Full disclosure – I’m divorced and have alienated any number of people over the years, so I’m certainly not an expert at relationships (even though my second marriage has lasted four times longer than my first so far – although it may end when someone special reads this post.)
That said, there is one relationship I simply don’t understand at all – that of a woman and her cleaning lady. First of all, I hope “cleaning lady” is PC, I think they used to be called maids and before that, they were servants.
First, cleaning ladies strike fear in women’s hearts. Ask yourself this – do men snake all the pipes and replace washers before the plumber arrives? Do men replace fuses and make sure all the wiring is straight before the electrician arrives? Of course not – that’s why you hire a professional. So, why is it mandatory to pre-clean the house before the cleaning lady arrives?
Contrary to their ability to strike fear, cleaning ladies also seem to be confidantes. I do not know any male who has invited their plumber or electrician to their wedding, but I can think of at least one woman who invited her cleaning lady, and I know one woman who hosted her cleaning lady’s wedding.
Every time I hear about the relationship between a woman and her cleaning lady, I flash back to an old Seinfeld episode, where Jerry starts sleeping with his maid, and it turns out she’s really a hooker. She also starts doing less and less work, which may be a more critical point from the male perspective. Sex is fine, but those curtain rods aren’t going to dust themselves.
When men complain about the costs of a cleaning lady, the counter argument is usually that the current one is worth the money and a cleaning service (e.g. an anonymous cleaning lady with no connection to the woman of the house) would be much more expensive. The secondary argument is that if someone were paid to actually clean the entire house, then the woman of the house would have to pre-clean properly in advance. (“I admit it. The house is cluttered. How could someone possibly clean it?”) What?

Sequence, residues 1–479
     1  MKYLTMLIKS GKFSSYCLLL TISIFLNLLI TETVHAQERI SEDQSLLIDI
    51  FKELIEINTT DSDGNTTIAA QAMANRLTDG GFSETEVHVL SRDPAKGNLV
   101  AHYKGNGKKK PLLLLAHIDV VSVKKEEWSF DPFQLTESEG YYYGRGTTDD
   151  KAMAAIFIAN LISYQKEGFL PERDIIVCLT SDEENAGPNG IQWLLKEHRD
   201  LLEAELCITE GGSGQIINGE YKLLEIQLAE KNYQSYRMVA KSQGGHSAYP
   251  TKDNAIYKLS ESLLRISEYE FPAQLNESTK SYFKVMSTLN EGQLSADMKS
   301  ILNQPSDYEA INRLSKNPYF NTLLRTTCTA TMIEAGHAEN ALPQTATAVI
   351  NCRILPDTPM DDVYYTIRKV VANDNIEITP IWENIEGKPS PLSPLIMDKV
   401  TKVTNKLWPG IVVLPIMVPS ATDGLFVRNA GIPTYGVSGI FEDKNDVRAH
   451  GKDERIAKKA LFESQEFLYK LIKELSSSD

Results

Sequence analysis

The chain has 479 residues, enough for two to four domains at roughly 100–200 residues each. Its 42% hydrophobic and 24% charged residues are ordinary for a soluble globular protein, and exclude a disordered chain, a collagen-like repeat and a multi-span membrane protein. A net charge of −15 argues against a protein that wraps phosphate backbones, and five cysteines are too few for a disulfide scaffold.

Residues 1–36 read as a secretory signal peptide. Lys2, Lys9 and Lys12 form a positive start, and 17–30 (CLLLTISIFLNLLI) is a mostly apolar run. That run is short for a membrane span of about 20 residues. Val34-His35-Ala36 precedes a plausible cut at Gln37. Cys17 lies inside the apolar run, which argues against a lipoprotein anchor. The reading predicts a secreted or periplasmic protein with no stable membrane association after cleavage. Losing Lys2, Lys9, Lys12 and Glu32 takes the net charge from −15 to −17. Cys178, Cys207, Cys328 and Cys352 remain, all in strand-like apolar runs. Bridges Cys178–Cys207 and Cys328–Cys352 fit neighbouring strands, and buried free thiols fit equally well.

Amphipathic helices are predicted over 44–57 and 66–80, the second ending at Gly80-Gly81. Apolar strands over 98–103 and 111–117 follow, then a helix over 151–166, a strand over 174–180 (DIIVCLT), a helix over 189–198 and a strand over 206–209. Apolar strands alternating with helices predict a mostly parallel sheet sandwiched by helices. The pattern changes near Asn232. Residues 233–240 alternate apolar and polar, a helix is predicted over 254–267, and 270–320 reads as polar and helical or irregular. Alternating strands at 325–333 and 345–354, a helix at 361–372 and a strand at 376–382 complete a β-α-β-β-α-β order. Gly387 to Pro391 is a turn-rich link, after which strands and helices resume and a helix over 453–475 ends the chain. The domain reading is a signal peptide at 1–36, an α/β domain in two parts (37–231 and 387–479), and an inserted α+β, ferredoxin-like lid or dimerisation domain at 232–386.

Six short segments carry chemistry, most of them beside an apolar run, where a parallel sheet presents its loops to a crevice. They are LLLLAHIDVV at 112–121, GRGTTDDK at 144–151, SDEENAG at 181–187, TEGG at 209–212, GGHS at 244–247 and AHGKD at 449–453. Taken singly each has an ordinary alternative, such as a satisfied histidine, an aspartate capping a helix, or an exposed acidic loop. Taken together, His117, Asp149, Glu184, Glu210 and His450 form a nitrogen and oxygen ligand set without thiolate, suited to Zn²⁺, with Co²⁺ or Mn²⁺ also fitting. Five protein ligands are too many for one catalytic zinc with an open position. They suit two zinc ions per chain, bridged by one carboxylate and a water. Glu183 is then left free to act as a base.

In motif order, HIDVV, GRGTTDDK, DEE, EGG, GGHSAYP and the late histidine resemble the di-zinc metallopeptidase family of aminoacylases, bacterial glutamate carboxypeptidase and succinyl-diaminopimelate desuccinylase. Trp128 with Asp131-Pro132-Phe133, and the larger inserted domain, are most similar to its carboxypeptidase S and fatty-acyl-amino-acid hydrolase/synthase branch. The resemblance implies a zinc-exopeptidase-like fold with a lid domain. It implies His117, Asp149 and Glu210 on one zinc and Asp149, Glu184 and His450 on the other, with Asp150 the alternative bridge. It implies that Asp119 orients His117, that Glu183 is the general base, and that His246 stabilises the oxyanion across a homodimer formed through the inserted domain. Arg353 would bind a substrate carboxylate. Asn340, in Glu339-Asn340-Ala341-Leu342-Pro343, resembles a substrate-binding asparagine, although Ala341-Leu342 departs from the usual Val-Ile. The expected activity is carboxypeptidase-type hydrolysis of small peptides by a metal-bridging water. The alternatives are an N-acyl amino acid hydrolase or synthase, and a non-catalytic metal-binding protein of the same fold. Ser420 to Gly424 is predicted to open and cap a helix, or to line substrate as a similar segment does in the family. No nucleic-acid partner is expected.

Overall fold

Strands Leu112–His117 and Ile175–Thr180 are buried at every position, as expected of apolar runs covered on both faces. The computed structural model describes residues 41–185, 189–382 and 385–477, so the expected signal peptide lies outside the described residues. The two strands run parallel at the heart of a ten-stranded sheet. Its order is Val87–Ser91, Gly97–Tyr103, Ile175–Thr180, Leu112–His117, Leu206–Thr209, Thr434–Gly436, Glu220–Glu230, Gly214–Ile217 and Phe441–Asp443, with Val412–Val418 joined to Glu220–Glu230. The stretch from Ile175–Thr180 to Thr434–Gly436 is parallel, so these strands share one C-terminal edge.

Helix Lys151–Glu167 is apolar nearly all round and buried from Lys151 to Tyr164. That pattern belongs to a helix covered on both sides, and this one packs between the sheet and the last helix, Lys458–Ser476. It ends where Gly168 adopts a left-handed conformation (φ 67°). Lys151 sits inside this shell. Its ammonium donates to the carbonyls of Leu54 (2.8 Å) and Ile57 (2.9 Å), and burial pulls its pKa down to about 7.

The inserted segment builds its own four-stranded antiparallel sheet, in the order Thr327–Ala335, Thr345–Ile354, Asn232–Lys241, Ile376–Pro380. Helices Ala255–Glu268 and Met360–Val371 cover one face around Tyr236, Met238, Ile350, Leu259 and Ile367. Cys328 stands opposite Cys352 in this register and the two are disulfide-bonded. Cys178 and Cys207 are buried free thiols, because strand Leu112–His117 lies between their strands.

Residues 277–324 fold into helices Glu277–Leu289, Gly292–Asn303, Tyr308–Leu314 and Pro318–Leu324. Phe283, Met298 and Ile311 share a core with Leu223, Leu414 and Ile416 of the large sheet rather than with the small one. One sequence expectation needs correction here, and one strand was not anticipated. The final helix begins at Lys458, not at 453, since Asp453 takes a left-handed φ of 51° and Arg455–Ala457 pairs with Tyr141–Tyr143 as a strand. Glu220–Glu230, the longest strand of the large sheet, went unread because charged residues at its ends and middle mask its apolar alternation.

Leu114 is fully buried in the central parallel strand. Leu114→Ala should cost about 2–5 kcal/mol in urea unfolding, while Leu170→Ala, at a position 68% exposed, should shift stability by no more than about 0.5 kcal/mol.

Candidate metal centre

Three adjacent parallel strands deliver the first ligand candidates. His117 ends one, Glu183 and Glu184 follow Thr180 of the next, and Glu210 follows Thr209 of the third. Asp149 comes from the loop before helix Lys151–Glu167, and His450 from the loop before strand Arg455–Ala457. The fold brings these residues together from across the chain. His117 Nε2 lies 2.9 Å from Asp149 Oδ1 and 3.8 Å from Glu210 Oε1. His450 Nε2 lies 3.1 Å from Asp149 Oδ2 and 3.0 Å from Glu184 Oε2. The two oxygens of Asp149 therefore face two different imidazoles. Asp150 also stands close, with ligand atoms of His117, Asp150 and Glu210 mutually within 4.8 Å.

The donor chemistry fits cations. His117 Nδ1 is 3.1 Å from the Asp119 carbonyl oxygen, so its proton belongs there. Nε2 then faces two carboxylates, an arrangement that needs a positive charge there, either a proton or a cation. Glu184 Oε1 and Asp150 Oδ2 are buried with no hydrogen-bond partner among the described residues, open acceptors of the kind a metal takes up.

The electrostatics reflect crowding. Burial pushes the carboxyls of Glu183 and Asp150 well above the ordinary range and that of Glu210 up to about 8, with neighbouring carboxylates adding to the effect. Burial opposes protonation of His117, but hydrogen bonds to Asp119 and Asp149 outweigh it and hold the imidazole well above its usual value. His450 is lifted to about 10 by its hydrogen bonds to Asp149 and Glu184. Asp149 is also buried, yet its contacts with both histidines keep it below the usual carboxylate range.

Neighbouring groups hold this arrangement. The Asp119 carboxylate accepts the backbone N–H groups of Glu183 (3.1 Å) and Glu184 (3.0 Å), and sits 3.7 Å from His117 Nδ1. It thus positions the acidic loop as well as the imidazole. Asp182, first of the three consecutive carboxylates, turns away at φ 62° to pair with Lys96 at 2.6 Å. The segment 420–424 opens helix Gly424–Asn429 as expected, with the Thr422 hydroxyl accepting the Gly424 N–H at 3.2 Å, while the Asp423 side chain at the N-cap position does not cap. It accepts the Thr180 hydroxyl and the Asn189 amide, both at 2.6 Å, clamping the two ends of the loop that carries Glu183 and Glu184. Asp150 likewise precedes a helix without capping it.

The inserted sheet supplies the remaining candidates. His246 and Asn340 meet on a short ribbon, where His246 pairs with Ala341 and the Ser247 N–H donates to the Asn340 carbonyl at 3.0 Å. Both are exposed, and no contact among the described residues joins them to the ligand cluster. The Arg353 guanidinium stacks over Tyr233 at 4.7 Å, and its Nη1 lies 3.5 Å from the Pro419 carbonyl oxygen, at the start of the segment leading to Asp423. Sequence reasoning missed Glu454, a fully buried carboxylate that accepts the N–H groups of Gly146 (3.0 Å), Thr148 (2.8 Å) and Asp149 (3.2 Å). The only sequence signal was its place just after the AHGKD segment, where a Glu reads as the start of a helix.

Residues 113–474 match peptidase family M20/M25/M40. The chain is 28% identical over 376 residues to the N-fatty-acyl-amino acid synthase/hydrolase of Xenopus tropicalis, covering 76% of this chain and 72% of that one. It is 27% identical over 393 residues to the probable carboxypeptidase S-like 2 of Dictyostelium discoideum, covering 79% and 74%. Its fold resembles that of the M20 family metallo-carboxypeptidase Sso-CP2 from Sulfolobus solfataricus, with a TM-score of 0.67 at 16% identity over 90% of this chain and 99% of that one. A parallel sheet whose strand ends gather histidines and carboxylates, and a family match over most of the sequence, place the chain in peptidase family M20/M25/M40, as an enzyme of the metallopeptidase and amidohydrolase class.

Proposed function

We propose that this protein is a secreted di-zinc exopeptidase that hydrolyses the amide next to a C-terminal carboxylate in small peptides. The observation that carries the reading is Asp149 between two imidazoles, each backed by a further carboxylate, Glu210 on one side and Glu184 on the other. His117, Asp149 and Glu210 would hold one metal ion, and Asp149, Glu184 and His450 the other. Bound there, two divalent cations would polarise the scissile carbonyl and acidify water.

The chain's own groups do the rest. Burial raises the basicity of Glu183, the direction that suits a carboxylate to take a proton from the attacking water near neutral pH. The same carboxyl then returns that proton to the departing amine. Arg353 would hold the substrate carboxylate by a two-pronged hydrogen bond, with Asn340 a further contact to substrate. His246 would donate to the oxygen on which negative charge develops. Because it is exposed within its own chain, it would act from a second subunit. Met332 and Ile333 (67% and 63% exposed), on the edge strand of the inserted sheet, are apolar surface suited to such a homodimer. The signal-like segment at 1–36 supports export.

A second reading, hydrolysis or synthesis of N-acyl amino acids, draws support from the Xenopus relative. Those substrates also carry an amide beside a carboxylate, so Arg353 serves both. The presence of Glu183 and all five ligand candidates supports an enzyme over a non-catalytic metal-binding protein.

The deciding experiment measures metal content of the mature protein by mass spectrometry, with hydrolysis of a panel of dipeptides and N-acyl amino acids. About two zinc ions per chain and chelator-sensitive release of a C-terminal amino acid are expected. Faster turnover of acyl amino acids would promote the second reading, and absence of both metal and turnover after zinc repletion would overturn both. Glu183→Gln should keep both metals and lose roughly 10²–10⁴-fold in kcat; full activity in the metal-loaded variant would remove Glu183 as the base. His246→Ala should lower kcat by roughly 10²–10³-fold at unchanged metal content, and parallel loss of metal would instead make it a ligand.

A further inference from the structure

My one theory is that a man should just cancel the cleaning lady and then tell his Spousal Unit that the cleaning lady has been rescheduled to the next day. Then, the Spousal Unit will frantically pre-clean the house in preparation.
The other issue – where I am not alone – is that the cleaning lady puts things where she thinks they belong, even if it should be intuitively obvious where they belong. “Let’s see, I have a clean glass. Here is a cabinet with 337 glasses in it. So, I guess this glass belongs in the cabinet on the other side of the kitchen with the plates. Also, all the husband’s shaving equipment is lined up neatly by the bathroom sink. It must belong in the drawer under the other side of the sink beneath the tampons, or perhaps in the closet in the other bathroom.”
As a man wiser than I once said, “The cleaning lady comes every two weeks and it takes me two weeks to find the stuff she put away.” (I would quote him directly, but I’m protecting the innocent.)
I am not friends with my plumber or my mechanic. There is a part of me that would like to discuss my Spousal Unit’s failure to get excited about my new blog (and my inability to tell her why this really hurts) while my mechanic is watching the oil drain from my car, but I don’t think he likes being distracted. Also, I have no idea what his name is, which makes it harder to confide my true feelings in him.
If I had one of my friends helping me with work around the house, I would be paying in beer and pizza, not cash. They probably wouldn’t expect a clean area to work in, either. Mainly because they live alone, and they don’t have cleaning ladies.